Every state has different requirements for revoking, contesting or changing a will. There is specific information to learn about the process of changing this document in court. Under California’s estate laws, anyone who wishes to change a will has to meet specific requirements.
Revoking a will
A will in California is revoked after being overwritten. A new will takes the old one’s place. Another option is to destroy it physically.
A will is revoked for being invalid. The state sets basic requirements for its validity in estate administration and probate. Its creator must be an adult, of sound mind, written on paper and created in his or her own words.
Contesting a will
Contesting a will is justified if the court discovers a lack of accuracy or integrity. This happens if an error is found after the will is created. A challenge may occur if the executor does not properly execute the will based on its terms. In some cases, the testator is mentally unsound and is forced to make the will under fraudulent circumstances. In rarer cases, the will has been revoked but is still presented as valid.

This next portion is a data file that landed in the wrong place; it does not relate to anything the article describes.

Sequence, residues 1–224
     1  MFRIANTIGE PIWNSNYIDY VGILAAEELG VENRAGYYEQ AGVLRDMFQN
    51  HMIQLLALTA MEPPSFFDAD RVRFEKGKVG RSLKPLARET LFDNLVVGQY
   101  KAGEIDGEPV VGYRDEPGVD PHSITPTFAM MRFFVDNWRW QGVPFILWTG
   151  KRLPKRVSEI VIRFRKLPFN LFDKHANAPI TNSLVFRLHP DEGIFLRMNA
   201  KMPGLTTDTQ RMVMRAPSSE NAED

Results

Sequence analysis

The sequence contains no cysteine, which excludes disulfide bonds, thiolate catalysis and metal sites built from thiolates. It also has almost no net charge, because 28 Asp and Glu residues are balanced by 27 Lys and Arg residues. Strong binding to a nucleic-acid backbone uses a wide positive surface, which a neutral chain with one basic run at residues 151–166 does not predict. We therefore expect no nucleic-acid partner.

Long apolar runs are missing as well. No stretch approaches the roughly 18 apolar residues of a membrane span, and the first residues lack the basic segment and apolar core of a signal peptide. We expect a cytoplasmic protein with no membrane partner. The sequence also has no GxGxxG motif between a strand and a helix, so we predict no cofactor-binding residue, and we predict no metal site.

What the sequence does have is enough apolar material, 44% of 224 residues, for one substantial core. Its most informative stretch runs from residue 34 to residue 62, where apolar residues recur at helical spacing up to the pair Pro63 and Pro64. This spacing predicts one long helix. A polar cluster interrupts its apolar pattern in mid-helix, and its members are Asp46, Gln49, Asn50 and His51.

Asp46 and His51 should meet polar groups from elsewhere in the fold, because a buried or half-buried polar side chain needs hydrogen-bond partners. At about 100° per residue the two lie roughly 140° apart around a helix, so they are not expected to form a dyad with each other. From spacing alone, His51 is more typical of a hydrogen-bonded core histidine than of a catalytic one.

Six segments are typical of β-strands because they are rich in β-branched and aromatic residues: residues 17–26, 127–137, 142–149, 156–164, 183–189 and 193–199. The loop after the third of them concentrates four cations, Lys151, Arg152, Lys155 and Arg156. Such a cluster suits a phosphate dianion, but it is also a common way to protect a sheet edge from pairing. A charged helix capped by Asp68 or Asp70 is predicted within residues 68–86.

Changing a will
A will is modified by writing a codicil. Certain parts of whole sections of the will can be changed or revoked. The testator has to show a clear, convincing intent of the reasons for making the changes. The procedure involves creating an amendment, signing it in front of two witnesses and attaching it to the original document.
No one can refuse to acknowledge or administer a will for any reason. The will has to be proven as invalid, according to specific terms under California’s estate laws. Proving a lack of testamentary capacity, an error or fraud are several reasons for invalidating a will.